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Michelle Mannering for GitHub

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Making a Twitch bot to connect to GitHub • Pair Programming

When you want to learn something, doing it with a friend is so much easier. A colleague is also a perfect fit. That's what myself and Bdougie did on our recent Open Source Friday live stream.

Since we both work on the Developer Relations team at GitHub, we thought this would be the perfect opportunity to learn and showcase awesome GitHub features simultaneously. Brian has been working with the GitHub API for a long time and I have been doing a lot of streaming. What better way to work together than use the GitHub API to make Twitch integrations and use them for the GitHub Twitch channel.

Twitch bot and the GitHub API

Making a Twitch bot and using the GitHub API is no trivial task. Luckily, Bdougie has been doing some work on it already. He put together an open source repo which utilises webhooks to talk to Twitch. By forking this repo and following the instructions, you can make the Twitch bot work for your channel.

GitHub logo bdougie / git-twitch

This is a service for GitHub and twitch interaction



(gif created by @pifafu)

This is a service for github and twitch to interact with each other. The use case for this git-twitch interaction between Twitch and GitHub through webhooks. If you are new to Twitch Chat interactions, you can check out my original chatbot, the beybot. In the README you will find further explanation on how Twitch interactions work.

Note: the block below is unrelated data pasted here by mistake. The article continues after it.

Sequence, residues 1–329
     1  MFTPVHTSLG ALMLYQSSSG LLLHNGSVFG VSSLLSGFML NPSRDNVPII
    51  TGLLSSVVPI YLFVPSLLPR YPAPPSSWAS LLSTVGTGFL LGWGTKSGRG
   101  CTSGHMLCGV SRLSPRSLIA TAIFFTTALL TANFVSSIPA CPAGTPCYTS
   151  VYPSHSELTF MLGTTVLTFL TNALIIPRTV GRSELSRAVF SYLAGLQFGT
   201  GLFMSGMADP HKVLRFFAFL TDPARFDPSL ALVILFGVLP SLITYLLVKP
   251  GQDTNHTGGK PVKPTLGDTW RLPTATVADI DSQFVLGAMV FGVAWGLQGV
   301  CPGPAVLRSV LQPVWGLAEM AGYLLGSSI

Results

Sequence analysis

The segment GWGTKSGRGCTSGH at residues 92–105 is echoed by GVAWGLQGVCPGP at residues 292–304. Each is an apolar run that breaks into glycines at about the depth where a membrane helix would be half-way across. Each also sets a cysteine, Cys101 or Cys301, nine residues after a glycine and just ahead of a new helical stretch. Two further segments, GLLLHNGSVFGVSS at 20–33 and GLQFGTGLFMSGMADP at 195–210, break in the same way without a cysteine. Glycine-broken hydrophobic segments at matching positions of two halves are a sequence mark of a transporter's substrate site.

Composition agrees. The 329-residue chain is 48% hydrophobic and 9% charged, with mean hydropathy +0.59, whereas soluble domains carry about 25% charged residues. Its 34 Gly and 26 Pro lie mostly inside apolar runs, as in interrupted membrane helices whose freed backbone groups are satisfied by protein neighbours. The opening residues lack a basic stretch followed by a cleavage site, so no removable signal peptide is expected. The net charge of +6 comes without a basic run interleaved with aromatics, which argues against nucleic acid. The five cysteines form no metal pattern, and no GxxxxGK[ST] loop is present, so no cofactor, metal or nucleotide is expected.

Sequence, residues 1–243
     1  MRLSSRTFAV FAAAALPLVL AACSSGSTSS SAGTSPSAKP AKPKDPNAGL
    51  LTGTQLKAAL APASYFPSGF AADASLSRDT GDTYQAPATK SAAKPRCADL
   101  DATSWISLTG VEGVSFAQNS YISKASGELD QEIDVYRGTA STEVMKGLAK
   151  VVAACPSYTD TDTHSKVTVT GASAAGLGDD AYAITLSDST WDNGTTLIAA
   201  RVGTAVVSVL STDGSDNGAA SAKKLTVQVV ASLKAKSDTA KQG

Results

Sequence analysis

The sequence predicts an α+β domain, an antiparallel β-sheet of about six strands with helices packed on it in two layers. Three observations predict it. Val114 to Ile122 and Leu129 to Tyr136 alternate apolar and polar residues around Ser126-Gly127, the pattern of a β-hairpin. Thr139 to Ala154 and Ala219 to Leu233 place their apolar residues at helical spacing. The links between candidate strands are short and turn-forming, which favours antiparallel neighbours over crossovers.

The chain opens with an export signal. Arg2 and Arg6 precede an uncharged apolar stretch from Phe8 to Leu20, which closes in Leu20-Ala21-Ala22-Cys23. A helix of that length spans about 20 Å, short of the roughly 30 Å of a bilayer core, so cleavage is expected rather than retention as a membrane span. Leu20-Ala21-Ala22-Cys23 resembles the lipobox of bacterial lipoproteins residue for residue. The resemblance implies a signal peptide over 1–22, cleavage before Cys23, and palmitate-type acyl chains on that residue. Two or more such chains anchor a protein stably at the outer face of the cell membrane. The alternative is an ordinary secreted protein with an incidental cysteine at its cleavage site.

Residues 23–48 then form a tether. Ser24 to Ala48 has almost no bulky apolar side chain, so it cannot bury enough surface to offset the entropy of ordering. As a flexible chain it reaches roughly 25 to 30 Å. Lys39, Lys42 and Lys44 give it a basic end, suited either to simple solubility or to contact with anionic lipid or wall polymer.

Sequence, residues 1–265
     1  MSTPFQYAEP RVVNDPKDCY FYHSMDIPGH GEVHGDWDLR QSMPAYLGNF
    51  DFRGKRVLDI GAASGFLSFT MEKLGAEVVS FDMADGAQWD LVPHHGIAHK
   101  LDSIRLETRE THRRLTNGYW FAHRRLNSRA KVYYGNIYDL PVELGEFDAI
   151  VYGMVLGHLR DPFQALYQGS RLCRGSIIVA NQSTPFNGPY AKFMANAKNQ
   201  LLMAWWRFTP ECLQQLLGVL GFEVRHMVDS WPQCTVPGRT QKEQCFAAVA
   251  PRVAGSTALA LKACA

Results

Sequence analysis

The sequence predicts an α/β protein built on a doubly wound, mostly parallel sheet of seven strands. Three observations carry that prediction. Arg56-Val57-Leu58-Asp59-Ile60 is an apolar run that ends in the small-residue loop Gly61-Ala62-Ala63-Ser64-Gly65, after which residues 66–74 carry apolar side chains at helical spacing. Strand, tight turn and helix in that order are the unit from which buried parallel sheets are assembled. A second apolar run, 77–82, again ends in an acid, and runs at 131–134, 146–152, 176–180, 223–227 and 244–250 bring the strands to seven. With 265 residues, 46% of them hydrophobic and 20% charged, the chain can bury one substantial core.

🍴Setup for local development

1. Fork this repo (optional, open a Codespace)

The fastest way to get started is by forking this repo. PRs are welcomed if you find anything missing or unclear.

2. Start a new smee channel - is a Webhook payload delivery service. It receives payloads then sends them to your locally (development) running application. Smee is not meant to be used in production.

smee channel

3. Create a webhook

In your newly forked repo, create a webhook from the repo settings that…

This is exactly what we did on the live stream. We took it from the top and showed viewers how to fork a repo, use various editors to make changes, and then add to OBS. We showed off Codespaces, GitHub Desktop, and how to use (plus hide) secrets.

If you missed the stream you can watch the full recording:

Open Source Fridays

Does this type of content sound really cool to you? Do you like the idea of pair programming? Want to learn more about open source projects? Come along to our Open Source Friday live streams. We go live on the GitHub Twitch Channel most Fridays. Join the Meetup Group to stay up to date and see the topics each week. Join the conversation from last week's stream on our GitHub Community Forum.

See you next stream, and in the meantime: happy coding. Don't forget to fork Bdougie's repo to make your own bot and play around with some open source code.

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